The S. brachyotus cp genome included 132 genes, 1 or 2 more genes than the other 6 Sonchus genomes, of which there were 87 protein-coding genes, 8 rRNA genes, and 37 tRNA genes (Table 1). Eight protein-coding genes (ndhB, rpI2, rpI23, rps7, rps12, ycf2, ycf15, and ycf1), 7 tRNA genes (trnI-CAU, trnL-CAA, trnV-GAC, trnI-GAU, trnA-UGC, trnR-ACG, and trnN-GUU), and 4 rRNA genes (rrn16, rrn23, rrn4.5, and rrn5) were duplicated in the IR region in the cp genomes. There were 113 unique genes, and 16 genes (trnK-UUU, rps16, rpoC1, atpF, trnG-UCC, trnL-UAA, trnV-UAC, rps12, petB, petD, rpl16, rpl2, ndhB, trnI-GAU, trnA-UGC, and ndhA) contained 1 intron, whereas 2 protein-coding genes (ycf3 and clpP) contained 2 introns (Table 2). The majority of these intron-containing genes were located in the LSC region.

3.2. Simple Sequence Repeats and Large Repeat Sequences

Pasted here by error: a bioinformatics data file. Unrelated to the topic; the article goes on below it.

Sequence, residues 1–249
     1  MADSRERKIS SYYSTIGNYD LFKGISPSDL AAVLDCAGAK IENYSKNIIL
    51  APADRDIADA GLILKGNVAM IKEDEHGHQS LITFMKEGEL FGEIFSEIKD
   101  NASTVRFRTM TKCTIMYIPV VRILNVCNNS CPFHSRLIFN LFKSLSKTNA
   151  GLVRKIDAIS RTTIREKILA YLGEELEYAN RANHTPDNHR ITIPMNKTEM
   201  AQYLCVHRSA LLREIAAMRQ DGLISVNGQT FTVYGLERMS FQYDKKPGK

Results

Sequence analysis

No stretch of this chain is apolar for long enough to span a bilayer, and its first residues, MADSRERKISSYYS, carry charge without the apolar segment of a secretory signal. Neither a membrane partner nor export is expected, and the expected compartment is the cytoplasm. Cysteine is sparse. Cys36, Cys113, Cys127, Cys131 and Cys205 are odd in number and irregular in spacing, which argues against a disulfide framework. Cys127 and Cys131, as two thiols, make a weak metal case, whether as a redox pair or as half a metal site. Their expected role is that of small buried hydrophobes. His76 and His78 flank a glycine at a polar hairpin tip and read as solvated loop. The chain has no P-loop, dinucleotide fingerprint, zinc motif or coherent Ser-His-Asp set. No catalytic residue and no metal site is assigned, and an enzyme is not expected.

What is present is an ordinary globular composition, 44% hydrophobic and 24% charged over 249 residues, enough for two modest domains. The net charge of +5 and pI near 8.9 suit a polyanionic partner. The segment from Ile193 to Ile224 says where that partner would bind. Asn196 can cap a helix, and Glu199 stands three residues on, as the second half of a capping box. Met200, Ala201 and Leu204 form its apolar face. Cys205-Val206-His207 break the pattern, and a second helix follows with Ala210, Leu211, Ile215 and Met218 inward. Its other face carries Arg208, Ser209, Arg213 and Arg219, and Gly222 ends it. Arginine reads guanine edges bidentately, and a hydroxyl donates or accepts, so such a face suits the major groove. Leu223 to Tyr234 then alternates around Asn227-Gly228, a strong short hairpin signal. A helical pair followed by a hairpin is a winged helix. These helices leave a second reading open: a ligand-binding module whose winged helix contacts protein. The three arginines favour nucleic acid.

In this study, we explored the presence of various microsatellites (mono-, di-, tri-, tetra-, penta-, and hexanucleotides) in the cp genome of S. brachyotus. A total of 175 microsatellites were detected in the cp genome of S. brachyotus, and the most common simple sequence repeats (SSRs) were mononucleotides (notably for A/T), with 100, accounting for 57% of the SSRs in S. brachyotus. The second most abundant motif type was the trinucleotide type, especially TAA, with a total number of 67 in S. brachyotus (approximately 38%). The proportion of other SSR types was relatively low (approximately 2% for dinucleotides and tetranucleotides). Intriguingly, the SSRs in S. brachyotus were chiefly distributed in coding regions (46.5%), with much lower numbers distributed in noncoding introns (12.6%) and intergenic regions (41%). The SSRs were spaced disproportionately through the cp genome, with the largest number of SSRs situated in the LSC region, followed by the IR and SSC regions, in the quadripartite structure regions (Figure 2(a)).